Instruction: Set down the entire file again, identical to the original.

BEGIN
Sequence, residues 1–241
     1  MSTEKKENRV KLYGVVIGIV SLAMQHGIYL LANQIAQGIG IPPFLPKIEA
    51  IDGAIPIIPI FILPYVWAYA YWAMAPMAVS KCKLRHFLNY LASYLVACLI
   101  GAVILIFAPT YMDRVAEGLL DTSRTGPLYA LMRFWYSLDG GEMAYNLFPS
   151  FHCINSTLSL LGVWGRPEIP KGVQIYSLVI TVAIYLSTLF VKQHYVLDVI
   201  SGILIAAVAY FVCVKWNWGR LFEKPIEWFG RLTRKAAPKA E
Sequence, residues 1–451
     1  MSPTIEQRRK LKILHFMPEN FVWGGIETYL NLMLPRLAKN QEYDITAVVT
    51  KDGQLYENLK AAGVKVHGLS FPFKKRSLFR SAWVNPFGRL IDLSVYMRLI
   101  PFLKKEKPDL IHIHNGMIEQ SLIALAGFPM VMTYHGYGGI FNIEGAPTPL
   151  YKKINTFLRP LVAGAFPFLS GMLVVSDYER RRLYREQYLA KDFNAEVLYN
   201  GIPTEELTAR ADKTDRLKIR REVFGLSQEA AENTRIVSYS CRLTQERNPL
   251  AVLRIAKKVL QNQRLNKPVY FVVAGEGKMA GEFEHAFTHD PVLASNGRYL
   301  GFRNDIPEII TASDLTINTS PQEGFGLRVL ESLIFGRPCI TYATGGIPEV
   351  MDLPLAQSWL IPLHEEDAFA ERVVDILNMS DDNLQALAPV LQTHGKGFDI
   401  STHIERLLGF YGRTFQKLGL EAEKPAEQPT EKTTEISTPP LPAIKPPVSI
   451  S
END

Sequence, residues 1–241
     1  MSTEKKENRV KLYGVVIGIV SLAMQHGIYL LANQIAQGIG IPPFLPKIEA
    51  IDGAIPIIPI FILPYVWAYA YWAMAPMAVS KCKLRHFLNY LASYLVACLI
   101  GAVILIFAPT YMDRVAEGLL DTSRTGPLYA LMRFWYSLDG GEMAYNLFPS
   151  FHCINSTLSL LGVWGRPEIP KGVQIYSLVI TVAIYLSTLF VKQHYVLDVI
   201  SGILIAAVAY FVCVKWNWGR LFEKPIEWFG RLTRKAAPKA E
Sequence, residues 1–451
     1  MSPTIEQRRK LKILHFMPEN FVWGGIETYL NLMLPRLAKN QEYDITAVVT
    51  KDGQLYENLK AAGVKVHGLS FPFKKRSLFR SAWVNPFGRL IDLSVYMRLI
   101  PFLKKEKPDL IHIHNGMIEQ SLIALAGFPM VMTYHGYGGI FNIEGAPTPL
   151  YKKINTFLRP LVAGAFPFLS GMLVVSDYER RRLYREQYLA KDFNAEVLYN
   201  GIPTEELTAR ADKTDRLKIR REVFGLSQEA AENTRIVSYS CRLTQERNPL
   251  AVLRIAKKVL QNQRLNKPVY FVVAGEGKMA GEFEHAFTHD PVLASNGRYL
   301  GFRNDIPEII TASDLTINTS PQEGFGLRVL ESLIFGRPCI TYATGGIPEV
   351  MDLPLAQSWL IPLHEEDAFA ERVVDILNMS DDNLQALAPV LQTHGKGFDI
   401  STHIERLLGF YGRTFQKLGL EAEKPAEQPT EKTTEISTPP LPAIKPPVSI
   451  S